In research there is evolution, revolution and — sometimes — what I call “retro revolution,” which happens when old methods have new applications. All three are in play in the world of electricity, and are affecting storage.

The inability to store electricity has been a challenge since the time of Thomas Edison. Electricity is made and used in real time, putting huge pressure on utilities at particular times of the day. For much of the East Coast in summer, for example, the peak is in the evening, when people come home from work or play, crank up the air conditioning, flip on the lights, the TV and start cooking. In many cities, the subways operate at peak and the electricity supply is stretched.

Traditionally, there have been two ways to deal with this. One is that utilities have some plant on standby, in what is called “spinning reserve,” or they have gas turbines ready to fire up.

Solar and wind power, an increasing source of new generation, have made the need to store and retrieve power quickly more critical. The sun sets too early and the wind blows willy-nilly. Also the quality of the power reaching the grid varies in seconds, necessitating a quick response to ease supply or increase it.

Until now, the best way to store large amounts of electricity — it is never really stored, but has to be generated afresh — is known as “pump storage.” This occurs when water is pumped up a hill during low demand times, at night and early in the morning, and released through generators to make new electricity during peaks.

It has gotten harder and harder to get permission to install new pumped storage because the best locations are often in scenic places. In 1962, Consolidated Edison Co. proposed building a pump storage facility on the Hudson River at Storm King Mountain near Cornwall, N.Y. After 17 years of environmental opposition, it gave up.

Now battery technology has reached a point where utilities are installing banks of lithium-ion batteries to help with peak demand. They also play an important part in smoothing out variable nature of alternative energy.

Batteries are not the only play, but because Mr. Battery, entrepreneur Elon Musk, is a showman, they tend to get more public attention.

Other mechanical methods hold as much promise and some dangers. One is flywheels, which would be wound up at night and would release power when needed. It is an old concept, but one that has new proponents — although there are concerns about when things go wrong and that super-energetic device flies apart.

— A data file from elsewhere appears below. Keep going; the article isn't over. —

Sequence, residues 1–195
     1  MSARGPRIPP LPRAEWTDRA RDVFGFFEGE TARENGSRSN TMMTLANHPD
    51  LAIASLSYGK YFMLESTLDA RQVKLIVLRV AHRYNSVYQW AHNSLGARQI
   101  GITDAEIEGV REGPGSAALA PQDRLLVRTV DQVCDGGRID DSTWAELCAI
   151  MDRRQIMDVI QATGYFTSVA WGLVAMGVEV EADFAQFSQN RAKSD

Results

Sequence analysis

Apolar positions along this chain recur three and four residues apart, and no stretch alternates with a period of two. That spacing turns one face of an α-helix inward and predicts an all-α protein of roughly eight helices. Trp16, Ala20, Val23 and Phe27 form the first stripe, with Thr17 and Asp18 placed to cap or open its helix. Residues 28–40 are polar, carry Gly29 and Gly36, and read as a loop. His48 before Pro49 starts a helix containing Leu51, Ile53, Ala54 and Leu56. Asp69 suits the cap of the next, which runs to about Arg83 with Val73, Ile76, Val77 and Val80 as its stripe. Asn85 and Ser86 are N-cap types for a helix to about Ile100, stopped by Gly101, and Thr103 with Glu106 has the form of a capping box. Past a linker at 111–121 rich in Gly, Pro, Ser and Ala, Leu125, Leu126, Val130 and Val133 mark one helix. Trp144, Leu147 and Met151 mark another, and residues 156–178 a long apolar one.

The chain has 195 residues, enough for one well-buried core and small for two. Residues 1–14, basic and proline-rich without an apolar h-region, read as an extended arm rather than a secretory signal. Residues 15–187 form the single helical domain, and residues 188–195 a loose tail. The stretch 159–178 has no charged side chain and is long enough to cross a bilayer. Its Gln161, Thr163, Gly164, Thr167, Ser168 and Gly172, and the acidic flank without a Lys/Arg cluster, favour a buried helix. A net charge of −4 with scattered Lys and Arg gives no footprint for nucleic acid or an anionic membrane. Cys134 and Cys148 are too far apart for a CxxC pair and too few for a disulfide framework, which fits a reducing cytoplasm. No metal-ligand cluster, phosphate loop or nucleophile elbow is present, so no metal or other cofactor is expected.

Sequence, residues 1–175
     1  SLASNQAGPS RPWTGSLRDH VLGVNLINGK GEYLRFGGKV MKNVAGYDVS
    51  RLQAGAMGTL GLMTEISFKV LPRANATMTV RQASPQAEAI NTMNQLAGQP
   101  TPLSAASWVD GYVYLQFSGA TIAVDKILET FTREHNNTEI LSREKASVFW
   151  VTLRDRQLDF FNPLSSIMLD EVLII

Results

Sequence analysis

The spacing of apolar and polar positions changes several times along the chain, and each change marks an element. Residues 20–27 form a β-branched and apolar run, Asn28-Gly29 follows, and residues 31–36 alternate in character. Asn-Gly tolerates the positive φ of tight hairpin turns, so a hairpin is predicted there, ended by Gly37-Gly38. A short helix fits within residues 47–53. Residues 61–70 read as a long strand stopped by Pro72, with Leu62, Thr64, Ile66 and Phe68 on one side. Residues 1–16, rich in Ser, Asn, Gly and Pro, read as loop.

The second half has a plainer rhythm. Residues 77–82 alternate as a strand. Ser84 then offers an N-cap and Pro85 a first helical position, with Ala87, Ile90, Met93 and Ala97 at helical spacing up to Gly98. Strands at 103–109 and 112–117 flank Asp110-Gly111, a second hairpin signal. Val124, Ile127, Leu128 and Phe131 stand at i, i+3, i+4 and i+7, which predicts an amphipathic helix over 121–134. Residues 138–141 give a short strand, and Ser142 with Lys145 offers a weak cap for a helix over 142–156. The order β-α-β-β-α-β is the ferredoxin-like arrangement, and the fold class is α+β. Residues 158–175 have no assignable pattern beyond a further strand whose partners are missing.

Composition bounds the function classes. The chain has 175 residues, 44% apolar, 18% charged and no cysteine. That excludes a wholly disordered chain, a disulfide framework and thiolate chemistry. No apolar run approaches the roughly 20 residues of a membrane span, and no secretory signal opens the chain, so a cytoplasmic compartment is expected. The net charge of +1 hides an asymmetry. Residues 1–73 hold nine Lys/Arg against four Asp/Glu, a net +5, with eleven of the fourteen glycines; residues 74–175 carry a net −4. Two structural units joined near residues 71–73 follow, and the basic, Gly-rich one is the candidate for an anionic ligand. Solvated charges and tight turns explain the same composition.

“What happens if it gets loose and goes to town?” asks a wag.

Another method is compressed air in underground vaults. Natural gas already is compressed routinely for storage. The technology exists, but the compression would have to be many times greater for air, and there are concerns about the impact of this “air bomb.”

Yet another method involves a column of water with a heavy, concrete weight pressing down on it.

My own favorite — and one likely to appeal to many because of its safety and mechanical efficiency — is an electric train that stores energy by running up a track and then down to generate power. A Santa Barbara, Calif. company, Advanced Rail Energy Storage (ARES), is planning to run a special train 3,000 feet up a mountain track in Pahrump, Nev., and then have the train come down the mountain, making electricity as it does so. They plan to use hopper cars loaded with rock or other heavy objects. The Economist magazine has dubbed it the “Sisyphus Railroad.”

The train will go up or down the track depending on the needs of the California grid to which it will be linked. The developers claim an incredible 85-percent efficiency, according to Francesca Cava, an ARES spokeswoman. “That’s what you get with steel wheels on steel track,” she says.

The company has received Bureau of Land Management approval for its 5.5-mile track, and construction of the energy train starts next year. “All aboard the Voltage Express making stops at Solar Junction, Wind Crossing and Heavy Goods Terminal.”

Choo-choo! Back to the future.

– For Inside Sources

Cover photo courtesy of ARES North America,